A solar-powered, debris-gathering water wheel, an idea that has been floating around the harbor for more than a year, is getting some traction this week as the city helps the project move forward.
Public Works Director Dave Webb provided an update on the project to the Newport Beach Harbor Commission on Wednesday.
Commissioners seemed interested and supportive of the idea. They did not take any action on the item.
“It’s an incredible project,” Chairman Bill Kenney said.
The system is basically a stationary, floating barge with a conveyer belt on one end, a standard-sized trash dumpster on the other end, and a water wheel in the middle.
Boons funnel debris floating in the water toward the conveyer belt. Solar powered water pumps turn the water wheel, which moves the conveyer belt, which carries the trash into the bin on the other end of the barge. The entire thing would be approximately 50 feet long.
Location is key in the project, Webb said. The proposed site for the water wheel is just east of Jamboree Road. They moved it upstream a bit because of an ecological zone, but staff believe they can work around it without any issues.
The potential water wheel would collect debris from the lower San Diego Creek that feeds into the bay. About 80 percent of the material that enters the bay comes from San Diego Creek, Webb explained.
“Hopefully get the trash as it comes down through the creek,” Webb said.
Other coastal cities have used the water wheel with great success. The primary example (and what Newport’s water wheel is based on) is Baltimore, which uses a solar powered water wheel to collect trash from Jones Falls River before it enters the harbor.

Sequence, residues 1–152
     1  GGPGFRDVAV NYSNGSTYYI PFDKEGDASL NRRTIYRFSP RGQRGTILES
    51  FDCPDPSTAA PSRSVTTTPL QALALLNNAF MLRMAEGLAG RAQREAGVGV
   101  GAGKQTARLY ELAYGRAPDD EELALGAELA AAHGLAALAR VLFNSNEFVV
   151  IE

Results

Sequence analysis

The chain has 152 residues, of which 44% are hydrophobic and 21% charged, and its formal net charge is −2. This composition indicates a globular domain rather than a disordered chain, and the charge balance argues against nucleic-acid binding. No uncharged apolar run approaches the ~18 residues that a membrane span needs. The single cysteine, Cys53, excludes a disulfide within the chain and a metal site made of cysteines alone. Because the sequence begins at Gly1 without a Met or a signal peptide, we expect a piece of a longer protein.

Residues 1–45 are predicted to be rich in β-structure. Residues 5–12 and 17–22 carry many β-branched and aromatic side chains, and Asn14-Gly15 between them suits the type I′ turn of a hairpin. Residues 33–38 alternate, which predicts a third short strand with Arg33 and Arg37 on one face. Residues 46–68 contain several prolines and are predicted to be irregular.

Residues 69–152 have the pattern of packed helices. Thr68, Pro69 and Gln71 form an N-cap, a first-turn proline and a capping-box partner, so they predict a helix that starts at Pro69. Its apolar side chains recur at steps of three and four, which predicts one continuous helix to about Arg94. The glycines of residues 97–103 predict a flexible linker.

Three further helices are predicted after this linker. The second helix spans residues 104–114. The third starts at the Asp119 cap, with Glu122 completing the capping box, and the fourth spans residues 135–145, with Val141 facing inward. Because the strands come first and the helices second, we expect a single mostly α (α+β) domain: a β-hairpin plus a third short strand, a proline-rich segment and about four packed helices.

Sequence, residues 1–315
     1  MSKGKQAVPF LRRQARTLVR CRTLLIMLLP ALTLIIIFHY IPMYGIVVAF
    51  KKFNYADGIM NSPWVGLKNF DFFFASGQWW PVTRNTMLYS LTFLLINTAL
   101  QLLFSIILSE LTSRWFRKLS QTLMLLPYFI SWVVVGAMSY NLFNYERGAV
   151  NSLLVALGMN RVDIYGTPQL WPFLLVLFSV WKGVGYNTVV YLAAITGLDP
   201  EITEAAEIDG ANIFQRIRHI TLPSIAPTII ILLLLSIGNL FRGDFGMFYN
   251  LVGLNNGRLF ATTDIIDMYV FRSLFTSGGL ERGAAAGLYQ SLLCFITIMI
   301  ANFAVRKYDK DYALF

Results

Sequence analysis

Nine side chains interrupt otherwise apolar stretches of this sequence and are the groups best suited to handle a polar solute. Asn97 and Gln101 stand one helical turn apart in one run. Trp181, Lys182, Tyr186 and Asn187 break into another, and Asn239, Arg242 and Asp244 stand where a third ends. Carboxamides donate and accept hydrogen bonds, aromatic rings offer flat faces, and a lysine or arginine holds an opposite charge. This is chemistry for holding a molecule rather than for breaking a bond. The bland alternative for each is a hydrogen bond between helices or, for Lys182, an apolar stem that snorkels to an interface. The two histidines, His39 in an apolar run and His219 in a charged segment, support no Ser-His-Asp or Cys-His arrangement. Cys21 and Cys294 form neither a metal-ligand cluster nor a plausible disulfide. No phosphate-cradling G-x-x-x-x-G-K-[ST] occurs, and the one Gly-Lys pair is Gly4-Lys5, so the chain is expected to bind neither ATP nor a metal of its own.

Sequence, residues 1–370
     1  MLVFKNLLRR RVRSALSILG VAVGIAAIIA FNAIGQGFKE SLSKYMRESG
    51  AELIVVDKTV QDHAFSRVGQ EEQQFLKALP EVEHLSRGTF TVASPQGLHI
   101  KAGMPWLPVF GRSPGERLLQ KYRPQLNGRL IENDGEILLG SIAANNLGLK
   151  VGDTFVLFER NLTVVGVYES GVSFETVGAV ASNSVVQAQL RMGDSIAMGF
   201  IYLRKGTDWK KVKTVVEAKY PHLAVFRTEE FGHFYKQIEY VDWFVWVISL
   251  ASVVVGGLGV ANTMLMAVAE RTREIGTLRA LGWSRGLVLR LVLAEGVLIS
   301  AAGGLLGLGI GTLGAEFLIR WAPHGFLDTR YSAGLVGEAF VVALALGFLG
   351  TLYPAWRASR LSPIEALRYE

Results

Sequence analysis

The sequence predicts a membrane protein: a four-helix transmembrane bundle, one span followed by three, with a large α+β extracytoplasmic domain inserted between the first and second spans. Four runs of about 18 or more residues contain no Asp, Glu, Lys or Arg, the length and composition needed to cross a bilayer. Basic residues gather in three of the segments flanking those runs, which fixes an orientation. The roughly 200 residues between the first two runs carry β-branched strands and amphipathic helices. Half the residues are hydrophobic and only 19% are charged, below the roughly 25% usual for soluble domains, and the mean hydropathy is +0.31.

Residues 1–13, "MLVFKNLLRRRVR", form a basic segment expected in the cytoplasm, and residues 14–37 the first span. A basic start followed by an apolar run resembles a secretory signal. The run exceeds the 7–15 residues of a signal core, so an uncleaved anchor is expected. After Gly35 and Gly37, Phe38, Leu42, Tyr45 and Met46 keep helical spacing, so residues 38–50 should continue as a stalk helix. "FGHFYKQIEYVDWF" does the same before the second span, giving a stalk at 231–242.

Baltimore’s “Mr. Trash Wheel” has removed more than 1.34 million pounds of trash from the river since its inception in May 2014. It’s capable of removing about 50,000 pounds of trash every day.
Staff is also connecting with upstream partners to help work, and pay, for the water wheel. The city is looking to share the cost of the project since it’s considered a regional problem.
“A lot of the trash is generated upstream,” Webb explained.
The Newport Bay watershed reaches all the way into the foothills of Mission Viejo, Lake Forest, Irvine, Orange and Laguna Woods, among other inland Orange County cities.
Staff hopes to get grant money to cover design and permitting, estimated to cost $350,000, and construction, about $1.4 million. To help offset the cost, the city has already raised $12,000 in private donations.
Annual maintenance is expected to cost about $50,000, which the city hopes to share with the upstream partners.
Commissioner Paul Blank also suggested sharing some of the collection, hauling and landfill costs with the “perpetrators upstream.” Webb explained that the $50,000 maintenance includes those responsibilities.
The process may take a while because coastal permits, which can be lengthy, are required, Webb explained.
There is still a lot to be done. They are currently working on an engineering study to see if the project is even feasible, he added.
Staff hopes to start the California Environmental Quality Act preparation by early next year and apply for grants by spring or summer. Construction could start in early 2020
It is only at the conceptual level right now, Webb emphasized.
“It’s not as simple as just putting it in there,” Webb said.